Shannon Regan | June 21st, 2018
The DT320 Mini Pipe Crawler is a remotely operated crawler vehicle for inspecting pipes as small as 6 inches in diameter. Based on a similar design to the DT340, the mini crawler raises the bar for confined space entry and inspection in the most remote locations.
The original vision of a tool for exploring wrecks, reefs, and underwater marine life soon became much more, as their robots were quickly adopted for use in potable and wastewater inspections.
“About a year after we sold the first ROVs to Norway for aquaculture inspections I got a phone call from a company in Florida,” explains Sam Macdonald, President of Deep Trekker Inc. “The company specializes in pipe inspections for water management, and had found our portable ROV, the DTG2, on the internet. Asking why he wasn’t using a traditional CCTV pipe inspection tool, he explained that they could not use a large truck, and the access points were only accessible by golf cart. He loved the one-man deployment and hand-held controller on our swimming robots.”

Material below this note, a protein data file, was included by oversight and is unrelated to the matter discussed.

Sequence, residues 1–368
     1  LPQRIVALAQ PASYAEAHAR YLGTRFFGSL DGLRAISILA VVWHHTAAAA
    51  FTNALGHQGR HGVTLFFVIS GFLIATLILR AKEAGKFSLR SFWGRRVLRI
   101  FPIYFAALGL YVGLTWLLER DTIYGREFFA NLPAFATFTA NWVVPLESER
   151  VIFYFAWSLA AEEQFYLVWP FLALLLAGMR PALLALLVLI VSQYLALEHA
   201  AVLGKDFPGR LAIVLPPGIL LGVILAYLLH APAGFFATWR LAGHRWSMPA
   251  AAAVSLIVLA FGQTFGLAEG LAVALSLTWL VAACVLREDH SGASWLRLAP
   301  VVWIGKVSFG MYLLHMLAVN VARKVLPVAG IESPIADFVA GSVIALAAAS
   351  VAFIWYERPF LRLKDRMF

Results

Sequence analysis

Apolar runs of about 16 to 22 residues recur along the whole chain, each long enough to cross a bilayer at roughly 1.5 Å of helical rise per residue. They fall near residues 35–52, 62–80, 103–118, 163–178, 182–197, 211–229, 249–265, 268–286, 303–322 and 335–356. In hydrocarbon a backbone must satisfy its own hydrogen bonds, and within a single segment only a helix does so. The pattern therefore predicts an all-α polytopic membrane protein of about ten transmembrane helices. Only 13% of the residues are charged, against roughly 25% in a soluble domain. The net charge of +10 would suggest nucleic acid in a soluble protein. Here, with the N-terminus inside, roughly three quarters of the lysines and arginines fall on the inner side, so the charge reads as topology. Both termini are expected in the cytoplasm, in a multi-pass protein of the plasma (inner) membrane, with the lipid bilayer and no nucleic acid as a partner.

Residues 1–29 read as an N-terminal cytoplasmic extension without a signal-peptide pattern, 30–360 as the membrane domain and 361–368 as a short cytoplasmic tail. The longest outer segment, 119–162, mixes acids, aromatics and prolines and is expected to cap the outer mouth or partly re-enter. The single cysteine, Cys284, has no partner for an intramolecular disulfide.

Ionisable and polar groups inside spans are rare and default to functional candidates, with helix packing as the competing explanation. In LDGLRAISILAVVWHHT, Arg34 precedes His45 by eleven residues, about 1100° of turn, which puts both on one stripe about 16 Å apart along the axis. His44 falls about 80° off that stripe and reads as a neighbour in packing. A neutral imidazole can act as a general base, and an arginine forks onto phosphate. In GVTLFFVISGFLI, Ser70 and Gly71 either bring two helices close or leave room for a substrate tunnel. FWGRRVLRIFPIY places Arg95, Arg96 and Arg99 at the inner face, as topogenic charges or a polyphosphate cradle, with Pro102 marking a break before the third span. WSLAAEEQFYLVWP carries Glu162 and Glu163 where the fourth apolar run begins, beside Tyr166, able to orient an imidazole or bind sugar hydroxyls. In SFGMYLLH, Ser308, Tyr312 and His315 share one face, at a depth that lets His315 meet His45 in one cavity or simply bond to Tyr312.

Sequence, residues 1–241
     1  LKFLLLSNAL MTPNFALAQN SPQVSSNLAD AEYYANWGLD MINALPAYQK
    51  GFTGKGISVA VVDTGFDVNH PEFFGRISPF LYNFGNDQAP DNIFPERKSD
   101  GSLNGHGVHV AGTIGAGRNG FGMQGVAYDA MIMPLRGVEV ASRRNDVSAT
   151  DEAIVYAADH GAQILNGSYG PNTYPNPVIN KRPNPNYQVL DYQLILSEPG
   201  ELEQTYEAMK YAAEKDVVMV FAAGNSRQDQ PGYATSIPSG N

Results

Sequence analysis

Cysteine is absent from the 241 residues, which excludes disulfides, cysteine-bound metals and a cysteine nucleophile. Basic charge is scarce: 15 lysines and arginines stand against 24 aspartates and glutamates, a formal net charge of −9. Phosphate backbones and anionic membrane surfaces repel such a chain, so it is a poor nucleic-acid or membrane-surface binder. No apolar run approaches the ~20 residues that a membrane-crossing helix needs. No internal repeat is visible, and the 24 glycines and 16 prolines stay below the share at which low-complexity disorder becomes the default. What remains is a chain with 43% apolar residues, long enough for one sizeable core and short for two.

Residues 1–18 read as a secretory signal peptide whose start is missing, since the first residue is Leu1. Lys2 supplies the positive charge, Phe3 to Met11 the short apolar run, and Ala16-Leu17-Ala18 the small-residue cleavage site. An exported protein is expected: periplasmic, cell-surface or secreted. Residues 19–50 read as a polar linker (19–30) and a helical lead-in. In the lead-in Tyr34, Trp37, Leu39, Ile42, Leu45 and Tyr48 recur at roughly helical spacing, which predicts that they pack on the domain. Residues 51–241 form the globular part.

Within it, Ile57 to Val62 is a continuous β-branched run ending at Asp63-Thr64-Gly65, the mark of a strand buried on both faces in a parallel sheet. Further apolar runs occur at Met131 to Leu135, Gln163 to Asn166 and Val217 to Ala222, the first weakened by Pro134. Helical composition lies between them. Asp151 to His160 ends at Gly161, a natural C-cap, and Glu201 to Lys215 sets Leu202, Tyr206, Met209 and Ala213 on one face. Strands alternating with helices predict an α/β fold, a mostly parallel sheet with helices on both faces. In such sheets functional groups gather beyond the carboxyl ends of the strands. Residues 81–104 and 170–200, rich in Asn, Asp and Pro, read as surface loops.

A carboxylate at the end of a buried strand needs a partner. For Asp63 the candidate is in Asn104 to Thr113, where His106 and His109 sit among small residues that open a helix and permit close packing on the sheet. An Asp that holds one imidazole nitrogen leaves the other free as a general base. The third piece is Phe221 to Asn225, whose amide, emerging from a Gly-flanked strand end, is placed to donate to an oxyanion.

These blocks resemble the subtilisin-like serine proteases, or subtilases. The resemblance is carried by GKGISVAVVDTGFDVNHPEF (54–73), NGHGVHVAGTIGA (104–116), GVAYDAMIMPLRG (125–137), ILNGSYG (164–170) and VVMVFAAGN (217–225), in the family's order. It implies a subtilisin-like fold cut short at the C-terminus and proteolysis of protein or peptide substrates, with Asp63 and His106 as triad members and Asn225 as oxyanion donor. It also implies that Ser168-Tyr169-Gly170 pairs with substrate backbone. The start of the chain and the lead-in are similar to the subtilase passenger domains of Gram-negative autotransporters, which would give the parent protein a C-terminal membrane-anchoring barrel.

This served as an important moment for the company, and they began looking at how to take the principles of rugged, portable and easy-to-use technology, and bring them to a purpose-built pipe crawler. Like their underwater drones, Deep Trekker focuses on building a system that is fully integrated, meaning it has batteries on board the crawler, and doesn’t require the use of any third-party equipment, including computers, monitors, or generators.
As the design process for the portable pipe crawler took underway, it became evident that Deep Trekker would be able to take advantage of the many components and technologies being used in their underwater ROVs. With a mature supply chain and proven designs, the company was able to bring significant technology via tethers, batteries, monitoring and control systems to the new robots.
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City of Brantford Environmental Services DT340 Pipe Crawler
“I really liked the versatility of being able to send one guy in a truck to figure out exactly what we need to do,” exclaimed John Longo, Supervisor of the Water Distribution & Wastewater Collections Division for the City of Brantford. “No waiting on expensive emergency services or going in blind with our cutters, it just makes a lot of sense for us.”Lane Cleroux, Engineering Technician for the Town of Renfrew, expressed his satisfaction in the flexibility that the Deep Trekker DT340 offered to his small municipality.
“Not only did it make financial sense for us to own our own DT-340 pipe crawler, we opted to purchase the equipment so we can deploy the camera on our schedule rather than waiting on a contractor.”
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